“When he sees the girl and when he sees the baby, that disappointing, quirky facial expression, that kind of sells it right there,” Montgomery said. “I think a lot of guys can relate to that at one point or another.”
Zabielski later graduated from the University of Southern California’s school of cinematic arts and got his start in Hollywood as an editor, using the skills he learned in Montgomery’s class.
Early on, he landed a gig editing a pilot for a television series starring the comedian Daniel Tosh. There, Zabielski has risen to become the director and executive producer of Tosh’s popular Comedy Central show, Tosh.0. “I’m not a stand-up or sketch comedy guy,” Zabielski said. “My experience is behind the camera. My editing background helps when you’re directing because you already know what shots I’d need and what shots I don’t.”
Recently seeking a new outlet for his creativity, Zabielski began expressing interest in commercials, speaking to colleagues about the possibilities.
“Their answer was, ‘We love what you do in television, but we can’t hire you until you know how to tell a story in 30 seconds,’” Zabielski said. So he decided to make his first commercial on his own budget, calling in favors to get bargain rates on equipment and the airplane set.
Zabielski said he learned about the Doritos competition days before the final deadline and submitted the ad on a lark. He now plans to pursue a career in feature films. “I thought I might as well enter it,” said Zabielski, who also secured a year-long contract with Universal Pictures as part of the grand prize. “So it worked out okay.”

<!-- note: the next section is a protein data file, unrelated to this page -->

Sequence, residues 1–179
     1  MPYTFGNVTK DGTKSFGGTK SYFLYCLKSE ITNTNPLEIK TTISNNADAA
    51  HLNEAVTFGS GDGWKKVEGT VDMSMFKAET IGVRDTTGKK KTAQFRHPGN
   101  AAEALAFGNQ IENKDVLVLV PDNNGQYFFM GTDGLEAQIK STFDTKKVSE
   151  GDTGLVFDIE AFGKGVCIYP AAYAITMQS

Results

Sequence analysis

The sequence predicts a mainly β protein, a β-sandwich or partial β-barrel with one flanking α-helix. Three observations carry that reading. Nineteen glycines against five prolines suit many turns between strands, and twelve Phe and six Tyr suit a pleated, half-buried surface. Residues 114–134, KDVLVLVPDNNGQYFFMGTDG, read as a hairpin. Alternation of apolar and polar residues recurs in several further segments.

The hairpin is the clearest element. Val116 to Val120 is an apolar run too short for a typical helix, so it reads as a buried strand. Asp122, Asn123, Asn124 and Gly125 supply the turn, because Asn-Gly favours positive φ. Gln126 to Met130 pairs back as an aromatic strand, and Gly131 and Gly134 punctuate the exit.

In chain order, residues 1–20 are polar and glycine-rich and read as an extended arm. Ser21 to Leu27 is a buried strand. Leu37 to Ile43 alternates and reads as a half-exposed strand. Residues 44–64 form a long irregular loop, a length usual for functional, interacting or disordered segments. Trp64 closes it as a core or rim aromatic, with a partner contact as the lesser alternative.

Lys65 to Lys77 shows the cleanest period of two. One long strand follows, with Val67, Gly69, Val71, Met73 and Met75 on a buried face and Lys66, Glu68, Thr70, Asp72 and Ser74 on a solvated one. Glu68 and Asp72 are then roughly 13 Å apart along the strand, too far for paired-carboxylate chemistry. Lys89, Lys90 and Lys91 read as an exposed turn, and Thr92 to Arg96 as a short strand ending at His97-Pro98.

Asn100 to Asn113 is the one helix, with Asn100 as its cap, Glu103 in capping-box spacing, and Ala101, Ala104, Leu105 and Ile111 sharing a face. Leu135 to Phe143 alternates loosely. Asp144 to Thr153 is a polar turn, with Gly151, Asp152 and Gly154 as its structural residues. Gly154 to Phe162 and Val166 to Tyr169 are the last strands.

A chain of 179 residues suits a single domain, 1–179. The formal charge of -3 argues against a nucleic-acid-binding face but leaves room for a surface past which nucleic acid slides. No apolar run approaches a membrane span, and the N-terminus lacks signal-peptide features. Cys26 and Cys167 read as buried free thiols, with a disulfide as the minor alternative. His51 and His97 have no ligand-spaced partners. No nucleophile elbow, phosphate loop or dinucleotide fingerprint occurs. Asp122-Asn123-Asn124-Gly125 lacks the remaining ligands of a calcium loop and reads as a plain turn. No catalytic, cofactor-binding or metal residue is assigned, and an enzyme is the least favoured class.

Ram Krishnan, senior vice president and chief marketing officer for Frito-Lay North America, said the video was a natural match for the Doritos product. “‘Middle Seat” is such a great ad — not only does it fit perfectly with what Doritos is all about, it’s relatable, brings a smile to our consumers and clearly resonates on a global scale — exactly what you look for in a Super Bowl spot,” Krishnan said.
Zabielski said he lucked out with the cast. The main actors — David Hoffman, a Groundlings improv troupe member, and Michelle LaRue, also a USC alum who was on the school’s “Song Girls” cheerleading squad — were friends of friends in the business and worked for free.
At the last minute, Zabielski said he realized he was missing one critical role: the baby. Securing an actor to play the part, Zabielski said, required negotiating with a tough agent — his wife — as he sought her permission to enlist the help of their 13-month-old son, Jack.
“My wife and I agreed that he wasn’t going to be one of those Hollywood kids that someday ends up having a reality show, so we were never going to put him on TV,” Zabielski said. “Once I realized I needed a baby on short notice, I convinced her to give me a one-time exception. She said okay, but only because this is only for a contest and no one will actually ever see it. And of course, now it’s been seen by 150 million people around the world.”
This article originally appeared in The Washington Post.